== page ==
A Homeowner's Insurer Has a Duty
to Defend a Builder Vendor Against a Claim for Negligent Excavation Brought by
For contractors, the significance of this case is
the reaffirmance of an Arizona builder's common law duty to construct a home as
a reasonable builder would.
A property owner named Teufel hired Carmel Homes Design
Group to build a mountainside home on a vacant lot in Paradise Valley (the "PV
property"). Teufel intended to live on the PV property at the start of
construction and purchased a homeowner's policy from American Family that
insured Teufel against personal liability.
his mind and sold the PV property to Cetotor Inc. Teufel's homeowner's policy
Teufel subsequently purchased a home in
Scottsdale, moved in, and purchased a new homeowner's policy from American
Family that provided personal liability coverage against claims seeking
"compensatory damages for which any insured is legally liable" because of
"bodily injury or property damage caused by an occurrence." The policy defined
"occurrence" as "an accident ... which results during the policy period, in ...
bodily injury ... or ... property damage."
Back on the PV
property, rockslides occurred, allegedly as a result of improper excavation
during construction that damaged the property. Cetotor sued Teufel, alleging he
was a builder-vendor and asserting breach of contract, negligence and
fraud-based claims. Teufel tendered defense of Cetotor's complaint to American
Family, which denied coverage.
In this case, Teufel v.
American Family, the Arizona Supreme Court noted a liability insurer's duty
to defend, which is separate from and broader than its duty to indemnify that
generally arises if the complaint filed against the insured alleges facts that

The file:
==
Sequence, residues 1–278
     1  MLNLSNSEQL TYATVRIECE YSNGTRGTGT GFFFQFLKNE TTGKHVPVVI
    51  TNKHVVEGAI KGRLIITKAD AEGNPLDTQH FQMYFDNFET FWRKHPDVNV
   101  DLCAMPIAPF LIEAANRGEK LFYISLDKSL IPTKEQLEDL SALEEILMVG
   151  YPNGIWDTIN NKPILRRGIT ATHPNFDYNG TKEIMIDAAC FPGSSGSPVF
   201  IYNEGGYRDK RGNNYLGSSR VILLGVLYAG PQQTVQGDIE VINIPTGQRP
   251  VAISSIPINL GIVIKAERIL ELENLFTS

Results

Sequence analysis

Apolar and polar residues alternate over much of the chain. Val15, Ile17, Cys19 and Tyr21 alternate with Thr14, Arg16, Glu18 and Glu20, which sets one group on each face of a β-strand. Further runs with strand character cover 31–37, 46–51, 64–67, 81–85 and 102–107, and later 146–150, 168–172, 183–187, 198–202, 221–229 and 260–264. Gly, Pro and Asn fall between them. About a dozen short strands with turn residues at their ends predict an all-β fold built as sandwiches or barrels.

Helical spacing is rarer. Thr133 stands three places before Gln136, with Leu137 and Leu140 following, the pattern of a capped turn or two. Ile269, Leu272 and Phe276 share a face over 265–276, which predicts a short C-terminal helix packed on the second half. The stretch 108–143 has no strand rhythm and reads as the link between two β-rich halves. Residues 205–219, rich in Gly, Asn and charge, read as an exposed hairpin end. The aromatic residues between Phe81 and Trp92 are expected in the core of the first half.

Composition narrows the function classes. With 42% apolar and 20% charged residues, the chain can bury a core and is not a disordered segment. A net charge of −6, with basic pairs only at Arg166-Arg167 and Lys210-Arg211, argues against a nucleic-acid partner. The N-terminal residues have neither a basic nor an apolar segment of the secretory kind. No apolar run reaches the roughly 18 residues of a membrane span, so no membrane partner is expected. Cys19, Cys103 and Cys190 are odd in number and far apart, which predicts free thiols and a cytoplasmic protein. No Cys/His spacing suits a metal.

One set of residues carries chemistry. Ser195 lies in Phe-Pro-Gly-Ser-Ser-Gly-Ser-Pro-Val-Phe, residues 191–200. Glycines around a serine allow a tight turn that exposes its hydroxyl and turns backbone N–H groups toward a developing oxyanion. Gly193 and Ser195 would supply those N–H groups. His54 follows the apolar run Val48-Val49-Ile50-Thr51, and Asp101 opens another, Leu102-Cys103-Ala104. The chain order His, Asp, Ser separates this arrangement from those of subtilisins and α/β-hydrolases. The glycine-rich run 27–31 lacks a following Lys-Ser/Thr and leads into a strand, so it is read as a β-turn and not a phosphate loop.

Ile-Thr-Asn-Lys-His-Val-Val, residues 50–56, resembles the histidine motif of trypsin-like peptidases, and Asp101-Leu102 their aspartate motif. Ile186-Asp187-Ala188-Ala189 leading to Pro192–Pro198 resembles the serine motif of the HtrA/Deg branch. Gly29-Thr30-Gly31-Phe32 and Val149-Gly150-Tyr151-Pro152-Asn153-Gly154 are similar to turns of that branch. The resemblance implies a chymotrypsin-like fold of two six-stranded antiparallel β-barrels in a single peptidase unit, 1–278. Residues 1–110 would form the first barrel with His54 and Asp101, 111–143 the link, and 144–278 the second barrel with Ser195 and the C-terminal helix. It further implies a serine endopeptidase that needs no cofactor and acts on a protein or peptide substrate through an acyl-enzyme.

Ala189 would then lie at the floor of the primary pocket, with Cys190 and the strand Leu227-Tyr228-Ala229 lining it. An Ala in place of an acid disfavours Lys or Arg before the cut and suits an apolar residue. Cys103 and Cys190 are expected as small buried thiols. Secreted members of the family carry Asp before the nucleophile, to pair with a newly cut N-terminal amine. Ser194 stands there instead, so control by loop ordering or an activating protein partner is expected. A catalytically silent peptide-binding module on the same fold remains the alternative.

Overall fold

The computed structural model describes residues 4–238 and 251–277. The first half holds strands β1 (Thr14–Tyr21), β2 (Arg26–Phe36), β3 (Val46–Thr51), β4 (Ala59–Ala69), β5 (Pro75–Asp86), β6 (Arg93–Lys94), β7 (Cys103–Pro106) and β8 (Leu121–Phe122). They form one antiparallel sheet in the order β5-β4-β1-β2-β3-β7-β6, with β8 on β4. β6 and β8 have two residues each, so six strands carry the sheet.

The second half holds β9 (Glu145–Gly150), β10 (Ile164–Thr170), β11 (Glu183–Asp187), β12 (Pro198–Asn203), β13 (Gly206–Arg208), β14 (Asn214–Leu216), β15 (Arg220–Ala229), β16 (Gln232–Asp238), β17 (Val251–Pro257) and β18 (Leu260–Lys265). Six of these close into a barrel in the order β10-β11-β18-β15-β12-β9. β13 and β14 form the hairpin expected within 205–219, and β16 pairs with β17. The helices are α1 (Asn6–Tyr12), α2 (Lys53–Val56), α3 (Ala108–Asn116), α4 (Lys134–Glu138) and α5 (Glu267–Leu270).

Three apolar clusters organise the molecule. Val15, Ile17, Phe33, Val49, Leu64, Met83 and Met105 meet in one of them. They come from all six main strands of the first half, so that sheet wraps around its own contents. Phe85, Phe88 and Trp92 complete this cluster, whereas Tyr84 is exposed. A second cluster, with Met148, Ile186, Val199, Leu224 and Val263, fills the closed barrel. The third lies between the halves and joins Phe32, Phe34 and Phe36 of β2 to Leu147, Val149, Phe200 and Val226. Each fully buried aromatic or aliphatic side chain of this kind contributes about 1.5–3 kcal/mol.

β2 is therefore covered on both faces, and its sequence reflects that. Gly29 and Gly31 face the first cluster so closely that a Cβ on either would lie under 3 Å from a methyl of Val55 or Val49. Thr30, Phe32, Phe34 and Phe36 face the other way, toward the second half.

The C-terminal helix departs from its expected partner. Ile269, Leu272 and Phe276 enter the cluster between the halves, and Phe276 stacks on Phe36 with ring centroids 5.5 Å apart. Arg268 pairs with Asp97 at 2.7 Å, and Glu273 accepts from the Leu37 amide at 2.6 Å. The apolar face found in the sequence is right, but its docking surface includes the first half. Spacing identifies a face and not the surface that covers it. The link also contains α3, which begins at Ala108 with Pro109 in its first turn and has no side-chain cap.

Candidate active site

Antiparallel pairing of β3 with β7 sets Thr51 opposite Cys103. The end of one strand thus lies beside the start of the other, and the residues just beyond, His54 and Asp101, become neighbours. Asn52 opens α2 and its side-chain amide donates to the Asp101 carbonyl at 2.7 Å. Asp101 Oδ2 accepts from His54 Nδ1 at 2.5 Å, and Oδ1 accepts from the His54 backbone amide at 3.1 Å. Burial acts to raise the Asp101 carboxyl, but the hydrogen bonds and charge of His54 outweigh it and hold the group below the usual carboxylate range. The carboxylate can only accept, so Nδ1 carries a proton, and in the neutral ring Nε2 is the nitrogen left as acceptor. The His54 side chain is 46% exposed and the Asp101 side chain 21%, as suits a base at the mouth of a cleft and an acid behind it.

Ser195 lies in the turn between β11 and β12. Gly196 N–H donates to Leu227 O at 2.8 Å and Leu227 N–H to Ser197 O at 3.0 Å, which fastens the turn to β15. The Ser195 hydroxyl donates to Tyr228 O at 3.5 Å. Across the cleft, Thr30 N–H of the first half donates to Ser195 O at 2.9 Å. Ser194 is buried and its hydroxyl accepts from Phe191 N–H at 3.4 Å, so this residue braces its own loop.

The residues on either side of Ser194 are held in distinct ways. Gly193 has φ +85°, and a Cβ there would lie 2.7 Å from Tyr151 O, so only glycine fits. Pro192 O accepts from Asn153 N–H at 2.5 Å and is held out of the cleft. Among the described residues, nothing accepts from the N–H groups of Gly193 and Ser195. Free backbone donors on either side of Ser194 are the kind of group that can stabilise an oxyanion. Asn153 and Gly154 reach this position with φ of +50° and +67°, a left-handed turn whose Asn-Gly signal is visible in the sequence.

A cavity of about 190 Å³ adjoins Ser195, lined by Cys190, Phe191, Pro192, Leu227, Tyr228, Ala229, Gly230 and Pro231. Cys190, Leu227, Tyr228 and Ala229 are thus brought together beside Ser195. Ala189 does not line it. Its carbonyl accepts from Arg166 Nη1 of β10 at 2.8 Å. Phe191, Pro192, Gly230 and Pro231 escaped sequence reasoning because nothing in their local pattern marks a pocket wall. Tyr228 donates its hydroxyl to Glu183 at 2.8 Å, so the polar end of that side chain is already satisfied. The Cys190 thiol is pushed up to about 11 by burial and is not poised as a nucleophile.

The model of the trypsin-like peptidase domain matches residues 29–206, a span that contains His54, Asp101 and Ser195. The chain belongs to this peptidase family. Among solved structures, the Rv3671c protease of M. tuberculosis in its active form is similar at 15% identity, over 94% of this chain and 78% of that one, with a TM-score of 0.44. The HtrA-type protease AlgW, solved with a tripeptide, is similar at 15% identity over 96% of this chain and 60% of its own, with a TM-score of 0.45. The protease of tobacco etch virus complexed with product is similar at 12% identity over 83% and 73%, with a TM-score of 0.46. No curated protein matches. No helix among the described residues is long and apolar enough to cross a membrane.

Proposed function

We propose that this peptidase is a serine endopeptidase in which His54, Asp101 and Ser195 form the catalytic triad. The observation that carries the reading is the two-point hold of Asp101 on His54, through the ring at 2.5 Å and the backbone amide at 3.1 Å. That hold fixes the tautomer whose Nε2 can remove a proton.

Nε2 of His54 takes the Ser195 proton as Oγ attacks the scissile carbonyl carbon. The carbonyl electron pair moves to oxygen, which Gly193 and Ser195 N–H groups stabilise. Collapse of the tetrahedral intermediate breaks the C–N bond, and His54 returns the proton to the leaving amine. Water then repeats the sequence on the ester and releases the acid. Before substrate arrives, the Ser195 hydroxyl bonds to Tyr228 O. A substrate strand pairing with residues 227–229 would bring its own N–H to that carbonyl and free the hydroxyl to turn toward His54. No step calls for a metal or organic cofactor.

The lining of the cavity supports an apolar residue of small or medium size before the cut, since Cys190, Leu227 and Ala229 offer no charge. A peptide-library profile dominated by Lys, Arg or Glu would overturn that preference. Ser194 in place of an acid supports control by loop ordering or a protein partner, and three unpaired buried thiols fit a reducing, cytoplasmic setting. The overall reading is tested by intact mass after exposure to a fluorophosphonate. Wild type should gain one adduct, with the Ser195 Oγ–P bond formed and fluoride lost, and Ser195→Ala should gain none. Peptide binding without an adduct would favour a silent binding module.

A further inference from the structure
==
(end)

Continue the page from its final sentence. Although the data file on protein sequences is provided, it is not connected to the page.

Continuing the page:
fall within the policy's coverage. Noting also that if any claims fall within
policy coverage, the insurer must defend against all claims, including "claims
potentially not covered and those that are groundless, false or fraudulent."
The Court ultimately determined that an insured's reasonable expectations under
the policy suggests a "contractual liability exclusion" does not apply to
liability based on a stand-alone tort claim that is viable apart from any
contract between the insured party and the insured (in this case the real estate
sales contract between Teufel and Cetotor). The Court went on to analyze the
stand-alone negligent construction claim, stating that prior Arizona cases have
acknowledged that a builder has a "common law duty of care" and concluded that
both tort and contract claims can exist when a home is negligently constructed.
The Court cited rulings in Woodward v. Chirco Construction Co., 141
Arizona 514 (180 1984) and the recent
Sirrah Enters., LLC v.
Wunderlich, 242 Arizona 542 (1017). In the latter case, the Court ruled
that "negligent construction of a residence can simultaneously support contract
damages for breach of the [implied warranty of workmanlike performance and
ability] and tort damages for any personal injury or damage personal property
caused by the contractor's negligence."
The Court went on
to conclude that Cetotor's negligence claim rests on a builder's common law duty
to construct a home as a reasonable builder would. That claim does not seek
contractual damages for defects in the excavation, but instead seeks
compensation for property damage caused by the negligent excavation. Any
personal liability opposed upon Teufel would not be required by or originate
from the real estate contract with Cetotor. As a result, the Court found that
the contractual liability exclusion did not relieve American Family of its duty
to defend Teufel against Cetotor's negligence claim.
Impact on Contractors
For contractors, the significance of this case is not
the inability of the insurance carrier to use the contractual liability
exclusion to avoid coverage, but rather the reaffirmance of an Arizona builder's
common law duty to construct a home as a reasonable builder would.